We have an incredible Board of Directors who remained steadfastly focused in 2016 on six key strategic initiatives for our organization and this has allowed us to: expand community awareness of our services, achieve continued excellence in service delivery, deepen our culture of attachment-based leadership, increase engagement from top community leaders, strengthen our infrastructure, and take key steps towards a permanent home for The Refuge Center.
Our outstanding group of staff, post-master’s volunteers and interns have also invested deeply into this organization to see that our clients receive the best possible care and access to emotional healing. This year we saw a 16% increase in services from the prior year, having provided 15,533 counseling sessions for 2,126 individuals in 2016. Our clients came from over 80 unique referral sources, with the largest referral source being current and former clients. Our growing areas of service delivery are trauma therapy, counseling for children and teens, and family and relationship counseling. We strongly believe that no matter who are clients are, no matter what they have done or what has been done to them, no matter how much their income is or where they live- when they come to The Refuge Center they deserve to have the most excellent care possible with maximum opportunity for healing.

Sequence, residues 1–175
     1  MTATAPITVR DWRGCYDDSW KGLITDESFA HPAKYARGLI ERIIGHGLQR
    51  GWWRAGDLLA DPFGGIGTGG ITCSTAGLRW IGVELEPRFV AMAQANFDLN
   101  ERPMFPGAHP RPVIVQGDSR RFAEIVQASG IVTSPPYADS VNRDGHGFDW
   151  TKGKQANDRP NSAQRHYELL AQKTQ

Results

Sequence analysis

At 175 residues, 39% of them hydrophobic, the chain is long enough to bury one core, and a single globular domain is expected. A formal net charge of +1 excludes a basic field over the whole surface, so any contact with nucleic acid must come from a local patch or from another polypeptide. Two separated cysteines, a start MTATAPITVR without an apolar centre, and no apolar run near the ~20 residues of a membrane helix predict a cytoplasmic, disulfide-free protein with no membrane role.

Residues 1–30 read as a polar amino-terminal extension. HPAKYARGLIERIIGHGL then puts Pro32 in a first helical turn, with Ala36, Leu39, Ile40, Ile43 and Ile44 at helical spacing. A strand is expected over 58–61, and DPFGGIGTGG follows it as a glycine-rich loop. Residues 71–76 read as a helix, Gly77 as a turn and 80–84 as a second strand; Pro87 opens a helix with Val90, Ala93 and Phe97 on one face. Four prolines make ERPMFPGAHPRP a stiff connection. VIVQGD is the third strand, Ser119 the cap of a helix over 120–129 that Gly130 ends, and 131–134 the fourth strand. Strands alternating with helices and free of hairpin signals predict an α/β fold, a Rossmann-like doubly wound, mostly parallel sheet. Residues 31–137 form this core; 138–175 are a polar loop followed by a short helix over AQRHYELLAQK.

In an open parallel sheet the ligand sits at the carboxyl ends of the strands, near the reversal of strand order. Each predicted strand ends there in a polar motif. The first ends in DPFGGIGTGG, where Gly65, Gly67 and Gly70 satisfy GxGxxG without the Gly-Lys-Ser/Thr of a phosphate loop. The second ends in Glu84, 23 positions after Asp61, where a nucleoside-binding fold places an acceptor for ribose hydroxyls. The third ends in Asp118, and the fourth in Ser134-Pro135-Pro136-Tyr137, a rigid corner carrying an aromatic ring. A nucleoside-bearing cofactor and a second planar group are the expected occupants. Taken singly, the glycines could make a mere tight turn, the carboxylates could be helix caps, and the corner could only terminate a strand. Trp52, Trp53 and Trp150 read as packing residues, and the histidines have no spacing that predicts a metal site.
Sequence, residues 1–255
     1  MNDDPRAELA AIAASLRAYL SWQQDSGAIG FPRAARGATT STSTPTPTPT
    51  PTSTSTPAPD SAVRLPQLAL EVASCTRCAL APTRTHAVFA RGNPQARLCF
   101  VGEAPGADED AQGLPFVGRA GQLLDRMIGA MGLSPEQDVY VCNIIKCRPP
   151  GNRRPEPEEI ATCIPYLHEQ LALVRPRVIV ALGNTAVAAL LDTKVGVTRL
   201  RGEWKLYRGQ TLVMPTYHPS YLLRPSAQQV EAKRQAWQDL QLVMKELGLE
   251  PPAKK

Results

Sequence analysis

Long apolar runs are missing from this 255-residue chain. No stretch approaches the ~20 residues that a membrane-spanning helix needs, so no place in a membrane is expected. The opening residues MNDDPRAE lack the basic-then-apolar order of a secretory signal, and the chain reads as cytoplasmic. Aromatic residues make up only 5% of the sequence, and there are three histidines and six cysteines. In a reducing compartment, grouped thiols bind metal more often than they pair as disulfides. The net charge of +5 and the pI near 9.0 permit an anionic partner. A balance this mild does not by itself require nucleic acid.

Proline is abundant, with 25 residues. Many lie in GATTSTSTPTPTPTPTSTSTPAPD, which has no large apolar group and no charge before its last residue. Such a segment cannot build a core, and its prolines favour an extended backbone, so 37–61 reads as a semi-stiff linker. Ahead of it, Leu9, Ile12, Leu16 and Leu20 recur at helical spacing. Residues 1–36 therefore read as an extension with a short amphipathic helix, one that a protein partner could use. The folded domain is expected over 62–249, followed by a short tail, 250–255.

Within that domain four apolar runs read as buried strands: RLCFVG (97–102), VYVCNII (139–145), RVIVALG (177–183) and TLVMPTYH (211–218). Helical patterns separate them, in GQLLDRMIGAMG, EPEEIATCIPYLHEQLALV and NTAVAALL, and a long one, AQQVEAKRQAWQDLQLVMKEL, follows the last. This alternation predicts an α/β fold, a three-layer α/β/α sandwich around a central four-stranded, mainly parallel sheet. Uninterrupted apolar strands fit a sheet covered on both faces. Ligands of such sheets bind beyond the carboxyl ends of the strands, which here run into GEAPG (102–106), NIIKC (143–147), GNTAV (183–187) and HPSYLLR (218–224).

The Refuge Center is a place where many come broken-hearted. But we know that The Refuge Center is a safe place where stories are redeemed and hearts are healed. Transformation occurs here literally every hour that we are open. We are grateful for the ways that each of you are a part of The Refuge Center story and look forward to walking faithfully together into the future of this organization where we know God will do exceedingly and abundantly more than we can ask or imagine!